BBC Radio 7, 21 September 2008
As with many of his plays, A Game of Golf is set in the world of suburbia. The action centres around two suburban couples, Toby and Celia,
Myles and Rowena. Both women are housewives, dedicated to bringing up their children
and making their homes palatable. Toby is a headteacher – not a very good one, it must be admitted – with a fondness
for alcohol. Myles is the chair of the school’s governors. The two men are pathologically indifferent to their wives’
feelings, believing that material things mean something more. If you buy her a new car, a new coat, or allow her to cook dinner,
then she will become happy. Once again we are in familiar Ayckbourn territory, where the women voice their frustrations but
ultimately find little solace, as their spouses prefer to think about themselves. Adultery rears its ugly head, as Myles makes
a pass at Celia over dinner, while Celia returns the favour later on at the golf-course. Nothing comes of it, however –
chiefly due to Myles’ being completely tongue-tied. He tries to compensate for his inadequacies by playing golf. Meanwhile
Toby becomes a hopeless alcoholic; a repressed homosexual, he finds himself trapped within a marriage, with a spouse he doesn’t
even like very much, and children whom he likes even less.
Eventually matters come to a head on the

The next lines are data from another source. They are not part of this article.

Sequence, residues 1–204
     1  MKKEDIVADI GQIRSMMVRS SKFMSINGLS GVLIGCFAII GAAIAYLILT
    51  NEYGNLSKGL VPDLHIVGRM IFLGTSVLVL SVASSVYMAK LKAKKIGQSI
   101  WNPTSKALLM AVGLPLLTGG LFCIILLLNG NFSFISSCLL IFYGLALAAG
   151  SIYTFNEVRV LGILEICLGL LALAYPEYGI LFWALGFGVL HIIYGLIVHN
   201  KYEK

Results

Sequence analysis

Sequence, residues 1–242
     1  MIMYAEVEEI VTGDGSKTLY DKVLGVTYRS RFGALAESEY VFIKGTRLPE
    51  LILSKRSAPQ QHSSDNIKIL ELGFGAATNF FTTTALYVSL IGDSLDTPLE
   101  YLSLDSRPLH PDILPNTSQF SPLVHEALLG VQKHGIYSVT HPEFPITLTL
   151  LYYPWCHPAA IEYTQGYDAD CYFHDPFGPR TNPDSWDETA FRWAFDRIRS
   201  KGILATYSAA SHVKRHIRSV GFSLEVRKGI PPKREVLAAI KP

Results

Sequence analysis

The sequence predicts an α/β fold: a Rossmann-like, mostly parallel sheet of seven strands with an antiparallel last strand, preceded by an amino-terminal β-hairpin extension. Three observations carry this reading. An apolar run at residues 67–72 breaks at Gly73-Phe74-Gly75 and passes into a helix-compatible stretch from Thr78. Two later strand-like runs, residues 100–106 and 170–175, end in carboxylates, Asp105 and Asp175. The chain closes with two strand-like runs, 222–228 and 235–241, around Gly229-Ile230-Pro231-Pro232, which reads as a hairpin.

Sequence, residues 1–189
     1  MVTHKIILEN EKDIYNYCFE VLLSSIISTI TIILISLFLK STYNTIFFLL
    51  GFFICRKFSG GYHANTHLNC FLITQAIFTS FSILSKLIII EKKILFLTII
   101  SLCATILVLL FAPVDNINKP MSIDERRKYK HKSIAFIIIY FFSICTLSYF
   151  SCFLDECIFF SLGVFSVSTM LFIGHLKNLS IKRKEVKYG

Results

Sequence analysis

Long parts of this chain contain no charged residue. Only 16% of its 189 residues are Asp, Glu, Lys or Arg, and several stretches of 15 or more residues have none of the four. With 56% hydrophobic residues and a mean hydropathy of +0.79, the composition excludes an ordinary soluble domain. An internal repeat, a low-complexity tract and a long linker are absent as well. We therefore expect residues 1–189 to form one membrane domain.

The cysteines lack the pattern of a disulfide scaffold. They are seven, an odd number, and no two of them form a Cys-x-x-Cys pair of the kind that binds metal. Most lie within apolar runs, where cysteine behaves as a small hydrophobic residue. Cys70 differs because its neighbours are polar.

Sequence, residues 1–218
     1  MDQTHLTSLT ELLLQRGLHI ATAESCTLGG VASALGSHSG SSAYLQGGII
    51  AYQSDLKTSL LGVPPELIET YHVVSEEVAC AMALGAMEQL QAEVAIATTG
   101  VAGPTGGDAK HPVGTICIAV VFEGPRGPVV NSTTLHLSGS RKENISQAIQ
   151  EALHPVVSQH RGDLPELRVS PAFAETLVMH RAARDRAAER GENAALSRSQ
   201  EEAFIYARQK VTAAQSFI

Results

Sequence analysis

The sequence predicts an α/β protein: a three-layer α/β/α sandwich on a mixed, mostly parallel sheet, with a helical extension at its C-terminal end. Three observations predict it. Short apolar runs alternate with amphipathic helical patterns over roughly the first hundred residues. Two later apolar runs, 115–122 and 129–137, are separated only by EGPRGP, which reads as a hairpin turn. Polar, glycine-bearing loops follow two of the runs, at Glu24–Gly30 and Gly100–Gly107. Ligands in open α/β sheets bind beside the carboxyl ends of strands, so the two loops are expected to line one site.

golf-course, as the two women deliberately spoil the men’s attempts to play the game, while the men themselves end up
being told off by the ladies’ captain. In the final scene, taking place four years later, things have substantially
changed: Myles and Toby now live together, but Toby proves just as impossible as ever he was. Celia has returned to full-time
employment, while Rowena has left the country altogether with her children to travel round India.
Yet perhaps such changes are only skin-deep: Celia and Myles meet once again but remain equally unable to talk to one another.
The best thing that Celia can say about Toby is that he is “sweet.” As with many of Ayckbourn’s characters,
these two are reluctant to give of themselves.
The play undoubtedly has a certain attraction:
Ayckbourn knows how a certain section of British society thinks and feels. But once again I found myself wishing that he could
move beyond traditional gender stereotypes and focus on those who seek to forge different kinds of existence. Bernard Shaw
railed against ‘middle-class morality’ in plays like Pygmalion; I felt
much the same as I listened to this production. On the other hand, I do admit that I was captivated by the performances. The
play has some ten or twelve roles; all of them were played by Robin Herford and Lavinia Bertram. To play multiple parts on
radio requires a considerable amount of vocal versatility; it was a tribute to these two actors that they managed to differentiate
successfully between the various parts. Gordon House’s 1989 production unfolded at a brisk pace. I will certainly listen
to the other two parts of the trilogy.